Google Nexus 9 review: Performance
A premium tablet needs a top-end processor and HTC has chosen the Nvidia Tegra K1, a 64-bit chip shown to be running at 2.5GHz in Geekbench and backed by 2GB of RAM.
Internal storage (which is the only storage - there's no microSD slot) is limited to 16- or 32GB. It's a real shame there's no 64GB option. (Note that you can attach an on-the-go USB flash drive to add storage.)
Here's the Nexus 9 next to the iPad mini 3:
You do get 802.11ac Wi-Fi with 2x2 MIMO, Bluetooth 4.1 and NFC. There's also the option of a 4G LTE model for £459.
In Geekbench 3, the Nexus 9 scored 1904 for single-core, and 3352 for multi-core. That's similar to the iPad Air, but way short of the Air 2's score, especially in multi-core.
GFXbench is more interesting, and the Nexus 9 managed a respectable 22fps in the tough Manhattan test, and 48fps in T-Rex. Those are almost as good as the iPad Air 2, which managed 25fps and 52fps respectively.
In Sunspider 1.0.2, the Nexus 9 completed the tests in 955ms, but while this is far slower than any of the latest iPads, it doesn't mean the Google tablet is slow at web browsing. Far from it. We loaded a few different websites and - subjectively - they were displayed just as fast as an iPad Air.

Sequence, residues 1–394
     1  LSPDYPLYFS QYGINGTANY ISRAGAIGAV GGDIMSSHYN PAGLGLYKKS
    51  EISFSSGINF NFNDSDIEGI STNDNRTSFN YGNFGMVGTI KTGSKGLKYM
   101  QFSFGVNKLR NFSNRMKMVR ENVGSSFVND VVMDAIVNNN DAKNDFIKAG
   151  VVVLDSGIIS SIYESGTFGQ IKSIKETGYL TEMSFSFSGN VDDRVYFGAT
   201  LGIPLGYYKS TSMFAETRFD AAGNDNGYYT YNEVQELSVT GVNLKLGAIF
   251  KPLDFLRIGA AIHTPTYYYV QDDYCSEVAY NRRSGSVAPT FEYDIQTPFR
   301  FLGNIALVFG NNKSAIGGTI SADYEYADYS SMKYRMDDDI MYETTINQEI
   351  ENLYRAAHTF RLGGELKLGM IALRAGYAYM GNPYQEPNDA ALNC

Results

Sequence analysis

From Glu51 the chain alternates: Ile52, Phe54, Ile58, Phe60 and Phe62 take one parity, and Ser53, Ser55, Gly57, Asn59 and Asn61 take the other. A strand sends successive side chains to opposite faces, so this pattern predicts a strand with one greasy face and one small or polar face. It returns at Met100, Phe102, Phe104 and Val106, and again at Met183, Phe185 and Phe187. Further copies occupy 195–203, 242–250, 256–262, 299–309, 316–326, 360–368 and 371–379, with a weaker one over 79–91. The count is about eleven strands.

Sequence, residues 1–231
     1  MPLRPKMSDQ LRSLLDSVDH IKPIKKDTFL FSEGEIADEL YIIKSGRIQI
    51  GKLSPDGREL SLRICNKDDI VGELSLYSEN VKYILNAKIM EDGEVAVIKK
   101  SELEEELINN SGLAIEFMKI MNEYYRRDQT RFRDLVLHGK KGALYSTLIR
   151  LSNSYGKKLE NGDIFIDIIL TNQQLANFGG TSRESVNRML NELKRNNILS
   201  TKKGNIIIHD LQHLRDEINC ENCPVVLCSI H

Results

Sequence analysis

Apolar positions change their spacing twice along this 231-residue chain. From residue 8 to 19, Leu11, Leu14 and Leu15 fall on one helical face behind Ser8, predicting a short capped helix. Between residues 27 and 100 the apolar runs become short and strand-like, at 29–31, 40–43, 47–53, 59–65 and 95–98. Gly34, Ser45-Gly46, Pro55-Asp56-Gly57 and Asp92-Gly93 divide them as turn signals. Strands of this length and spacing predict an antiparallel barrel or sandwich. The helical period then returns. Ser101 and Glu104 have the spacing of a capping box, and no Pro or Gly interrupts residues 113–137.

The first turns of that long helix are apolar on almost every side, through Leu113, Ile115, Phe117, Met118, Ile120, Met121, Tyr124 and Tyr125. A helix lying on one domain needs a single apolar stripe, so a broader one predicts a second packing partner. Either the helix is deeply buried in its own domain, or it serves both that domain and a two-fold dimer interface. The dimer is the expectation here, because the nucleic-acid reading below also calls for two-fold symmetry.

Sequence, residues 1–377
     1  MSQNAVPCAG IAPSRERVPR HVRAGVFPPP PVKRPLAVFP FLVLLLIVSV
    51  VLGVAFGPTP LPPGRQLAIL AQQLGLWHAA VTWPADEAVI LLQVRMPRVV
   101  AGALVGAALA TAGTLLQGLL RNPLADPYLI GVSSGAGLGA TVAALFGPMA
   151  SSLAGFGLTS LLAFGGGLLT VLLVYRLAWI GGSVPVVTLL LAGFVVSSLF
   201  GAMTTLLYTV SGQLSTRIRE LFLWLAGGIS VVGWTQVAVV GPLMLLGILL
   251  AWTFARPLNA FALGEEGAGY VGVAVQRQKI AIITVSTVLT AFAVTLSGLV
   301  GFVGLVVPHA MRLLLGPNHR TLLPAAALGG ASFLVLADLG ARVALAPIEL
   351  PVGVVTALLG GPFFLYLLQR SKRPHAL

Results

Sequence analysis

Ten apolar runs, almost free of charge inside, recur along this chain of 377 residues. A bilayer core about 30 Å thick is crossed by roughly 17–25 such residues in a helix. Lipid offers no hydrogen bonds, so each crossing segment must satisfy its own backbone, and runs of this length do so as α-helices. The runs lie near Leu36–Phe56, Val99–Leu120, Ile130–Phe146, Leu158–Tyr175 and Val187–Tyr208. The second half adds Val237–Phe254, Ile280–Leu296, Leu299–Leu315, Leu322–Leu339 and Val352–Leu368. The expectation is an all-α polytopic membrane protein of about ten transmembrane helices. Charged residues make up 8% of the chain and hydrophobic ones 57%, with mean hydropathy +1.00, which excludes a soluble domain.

In general use, performance was excellent and there were no stutters or delays when navigating around Lollipop.
Battery life is better than we expected, playing a video on loop (at 120cd/m2) for just over 11 hours. Using the included 1.5A charger, it takes roughly four hours to recharge from empty.
Google Nexus 9 review: Software
Obvious to the eagle-eyed, but much less obvious to anyone who isn't an Android enthusiast is the fact that the Nexus 9 ships with Google's latest mobile operating system, codenamed Lollipop. As we said at the start, version 5.1.1 of Android is currenty rolling out over the air and you should see a notification soon if you already have a Nexus 9 (the update for LTE models is coming after Wi-Fi models). See the full Lollipop review here
Lollipop is the best version of Android yet. You can find out all about the Lollipop's new features, but overall it feels responsive, intuitive and looks great. The flatter 'Material' design looks fresh and clean, and apps will likely follow suit.
Notifications have been made to look and work much more like they do on an iPad, appearing from the top-centre of the screen rather than having separate left- and right drop-downs as with KitKat.In 5.1.1, you also get a drop-down menu for Wi-Fi so you can choose which to connect to, rather than having to delve deeper into the settings.